After leaving Harvard in 1743, Adams was unsure about his future. He considered becoming a lawyer but instead decided to go into business. He worked at Thomas Cushing’s counting house, but the job only lasted a few months because Cushing felt that Adams was too preoccupied with politics to become a good merchant.[39][40] Adams’s father then lent him £1,000 to go into business for himself, a substantial amount for that time.[40][29] Adams’s lack of business instincts were confirmed; he lent half of this money to a friend who never repaid, and frittered away the other half. Adams always remained, in the words of historian Pauline Maier, “a man utterly uninterested in either making or possessing money”.[41]

  • 26 degrees celsius to fahrenheit
  • After Adams had lost his money, his father made him a partner in the family’s malthouse, which was next to the family home on Purchase Street. Several generations of Adamses were maltsters, who produced the malt necessary for brewing beer.[43] Years later, a poet poked fun at Adams by calling him “Sam the maltster”.[27][44] Adams has often been described as a brewer, but the extant evidence suggests that he worked as a maltster and not a brewer.[43][45][46]

    In January 1748, Adams and some friends were inflamed by British impressment and launched The Independent Advertiser, a weekly newspaper that printed many political essays written by Adams.[27][39][47] His essays drew heavily upon English political theorist John Locke’s Second Treatise of Government, and they emphasized many of the themes that characterized his subsequent career.[48][34] He argued that the people must resist any encroachment on their constitutional rights.[34] He cited the decline of the Roman Empire as an example of what could happen to New England if it were to abandon its Puritan values.[49]

    When Deacon Adams died in 1748, Adams was given the responsibility of managing the family’s affairs.[50][51] In October 1749, he married Elizabeth Checkley, his pastor’s daughter.[35][52] Elizabeth gave birth to six children over the next seven years, but only two lived to adulthood: Samuel (born 1751) and Hannah (born 1756).[35] In July 1757, Elizabeth died soon after giving birth to a stillborn son.[35][51][53] Adams remarried in 1764 to Elizabeth Wells,[54] but had no other children.[41]

    Like his father, Adams embarked on a political career with the support of the Boston Caucus. He was elected to his first political office in 1747, serving as one of the clerks of the Boston market. In 1756, the Boston Town Meeting elected him to the post of tax collector, which provided a small income.[27][34][35][55] He often failed to collect taxes from his fellow citizens, which increased his popularity among those who did not pay, but left him liable for the shortage.[56][13] By 1765, his account was more than £8,000 in arrears. The town meeting was on the verge of bankruptcy, and Adams was compelled to file suit against delinquent taxpayers, but many taxes went uncollected.[57] In 1768, his political opponents used the situation to their advantage, obtaining a court judgment of £1,463 against him. Adams’s friends paid off some of the deficit, and the town meeting wrote off the remainder. By then, he had emerged as a leader of the popular party, and the embarrassing situation did not lessen his influence.[58][59]

    Samuel Adams emerged as an important public figure in Boston soon after the British Empire’s victory in the French and Indian War (1754–1763). The British Parliament found itself deep in debt and looking for new sources of revenue, and they sought to directly tax the colonies of British America for the first time.[60][61] This tax dispute was part of a larger divergence between British and American interpretations of the British Constitution and the extent of Parliament’s authority in the colonies.[62]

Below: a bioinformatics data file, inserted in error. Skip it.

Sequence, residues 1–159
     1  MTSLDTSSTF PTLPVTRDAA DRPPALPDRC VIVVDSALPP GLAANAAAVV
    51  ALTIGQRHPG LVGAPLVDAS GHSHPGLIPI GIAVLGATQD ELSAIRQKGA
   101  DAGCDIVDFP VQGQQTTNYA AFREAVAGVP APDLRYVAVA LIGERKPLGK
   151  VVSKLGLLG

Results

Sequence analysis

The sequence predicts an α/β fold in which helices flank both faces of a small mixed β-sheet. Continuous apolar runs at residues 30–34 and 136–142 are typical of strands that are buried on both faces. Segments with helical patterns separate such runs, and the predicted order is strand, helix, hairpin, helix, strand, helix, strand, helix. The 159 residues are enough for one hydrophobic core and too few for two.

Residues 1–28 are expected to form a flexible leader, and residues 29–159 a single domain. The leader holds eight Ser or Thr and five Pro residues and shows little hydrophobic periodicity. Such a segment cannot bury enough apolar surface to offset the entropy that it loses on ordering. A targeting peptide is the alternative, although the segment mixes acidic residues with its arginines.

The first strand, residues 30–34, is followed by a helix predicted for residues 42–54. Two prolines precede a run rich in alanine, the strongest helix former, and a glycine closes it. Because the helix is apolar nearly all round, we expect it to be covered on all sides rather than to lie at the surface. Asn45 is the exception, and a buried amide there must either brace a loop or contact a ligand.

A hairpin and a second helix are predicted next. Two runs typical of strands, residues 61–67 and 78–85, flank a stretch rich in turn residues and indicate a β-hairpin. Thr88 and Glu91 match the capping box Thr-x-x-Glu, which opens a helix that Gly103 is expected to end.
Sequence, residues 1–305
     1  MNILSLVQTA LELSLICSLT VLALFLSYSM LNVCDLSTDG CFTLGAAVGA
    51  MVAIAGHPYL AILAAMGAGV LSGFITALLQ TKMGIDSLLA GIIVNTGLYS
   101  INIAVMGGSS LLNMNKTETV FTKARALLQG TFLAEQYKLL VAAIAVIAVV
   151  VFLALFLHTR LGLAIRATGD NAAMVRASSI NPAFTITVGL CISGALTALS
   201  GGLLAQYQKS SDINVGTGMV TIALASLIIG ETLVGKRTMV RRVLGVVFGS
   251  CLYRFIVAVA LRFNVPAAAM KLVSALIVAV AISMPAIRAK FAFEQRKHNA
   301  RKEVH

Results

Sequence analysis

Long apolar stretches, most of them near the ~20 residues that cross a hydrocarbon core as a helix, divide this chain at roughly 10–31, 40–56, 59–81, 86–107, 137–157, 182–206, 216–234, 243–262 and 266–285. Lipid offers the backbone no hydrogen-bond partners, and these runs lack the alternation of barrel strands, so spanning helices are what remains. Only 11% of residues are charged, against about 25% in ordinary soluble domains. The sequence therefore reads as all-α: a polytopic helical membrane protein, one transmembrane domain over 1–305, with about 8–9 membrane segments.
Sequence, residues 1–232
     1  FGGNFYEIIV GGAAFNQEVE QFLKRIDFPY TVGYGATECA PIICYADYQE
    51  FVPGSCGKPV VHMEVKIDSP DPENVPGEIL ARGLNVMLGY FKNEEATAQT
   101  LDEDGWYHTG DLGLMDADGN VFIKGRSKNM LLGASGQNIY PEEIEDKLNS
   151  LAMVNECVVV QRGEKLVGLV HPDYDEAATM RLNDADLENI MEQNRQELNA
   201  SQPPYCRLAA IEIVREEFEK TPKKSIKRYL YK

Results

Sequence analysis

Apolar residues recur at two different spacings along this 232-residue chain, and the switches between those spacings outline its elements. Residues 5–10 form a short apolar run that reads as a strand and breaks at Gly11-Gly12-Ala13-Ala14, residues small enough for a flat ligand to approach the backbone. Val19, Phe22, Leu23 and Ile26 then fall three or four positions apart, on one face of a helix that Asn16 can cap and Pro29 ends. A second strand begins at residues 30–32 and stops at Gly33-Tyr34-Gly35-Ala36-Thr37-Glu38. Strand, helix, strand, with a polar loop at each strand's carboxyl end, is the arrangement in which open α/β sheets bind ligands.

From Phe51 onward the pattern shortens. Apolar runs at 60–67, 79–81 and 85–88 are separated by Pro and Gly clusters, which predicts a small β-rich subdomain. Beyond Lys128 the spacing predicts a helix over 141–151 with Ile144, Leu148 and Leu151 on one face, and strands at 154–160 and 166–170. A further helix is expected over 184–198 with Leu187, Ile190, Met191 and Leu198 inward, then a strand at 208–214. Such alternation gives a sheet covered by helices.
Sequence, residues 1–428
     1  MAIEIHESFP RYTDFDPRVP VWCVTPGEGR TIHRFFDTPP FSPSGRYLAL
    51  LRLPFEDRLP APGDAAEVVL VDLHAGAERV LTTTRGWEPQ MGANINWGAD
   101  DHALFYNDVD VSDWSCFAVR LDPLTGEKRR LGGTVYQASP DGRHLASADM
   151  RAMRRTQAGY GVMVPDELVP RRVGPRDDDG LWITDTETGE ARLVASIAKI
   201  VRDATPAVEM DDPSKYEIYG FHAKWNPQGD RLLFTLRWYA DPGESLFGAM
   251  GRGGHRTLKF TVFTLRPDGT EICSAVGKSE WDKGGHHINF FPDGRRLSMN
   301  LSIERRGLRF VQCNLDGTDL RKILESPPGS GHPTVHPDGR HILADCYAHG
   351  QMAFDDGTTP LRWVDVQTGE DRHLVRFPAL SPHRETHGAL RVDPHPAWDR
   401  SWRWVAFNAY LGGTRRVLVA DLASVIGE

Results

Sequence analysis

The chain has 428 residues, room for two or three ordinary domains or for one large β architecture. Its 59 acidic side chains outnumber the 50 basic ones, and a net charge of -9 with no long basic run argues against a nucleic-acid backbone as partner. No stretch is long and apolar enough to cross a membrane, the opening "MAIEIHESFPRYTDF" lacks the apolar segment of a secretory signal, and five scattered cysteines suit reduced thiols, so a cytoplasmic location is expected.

The first step in the new program was the Sugar Act of 1764, which Adams saw as an infringement of longstanding colonial rights. Colonists were not represented in Parliament, he argued, and therefore they could not be taxed by that body; the colonists were represented by the colonial assemblies, and only they could levy taxes upon them.[63] Adams expressed these views in May 1764, when the Boston Town Meeting elected its representatives to the Massachusetts House. As was customary, the town meeting provided the representatives with a set of written instructions, which Adams was selected to write. Adams highlighted what he perceived to be the dangers of taxation without representation:

    For if our Trade may be taxed, why not our Lands? Why not the Produce of our Lands & everything we possess or make use of? This we apprehend annihilates our Charter Right to govern & tax ourselves. It strikes at our British privileges, which as we have never forfeited them, we hold in common with our Fellow Subjects who are Natives of Britain. If Taxes are laid upon us in any shape without our having a legal Representation where they are laid, are we not reduced from the Character of free Subjects to the miserable State of tributary Slaves?[63][64][65]

    “When the Boston Town Meeting approved the Adams instructions on May 24, 1764,” writes historian John K. Alexander, “it became the first political body in America to go on record stating Parliament could not constitutionally tax the colonists. The directives also contained the first official recommendation that the colonies present a unified defense of their rights.”[66] Adams’s instructions were published in newspapers and pamphlets, and he soon became closely associated with James Otis, Jr., a member of the Massachusetts House famous for his defense of colonial rights.[66] Otis boldly challenged the constitutionality of certain acts of Parliament, but he would not go as far as Adams, who was moving towards the conclusion that Parliament did not have sovereignty over the colonies.[67][21][64][68]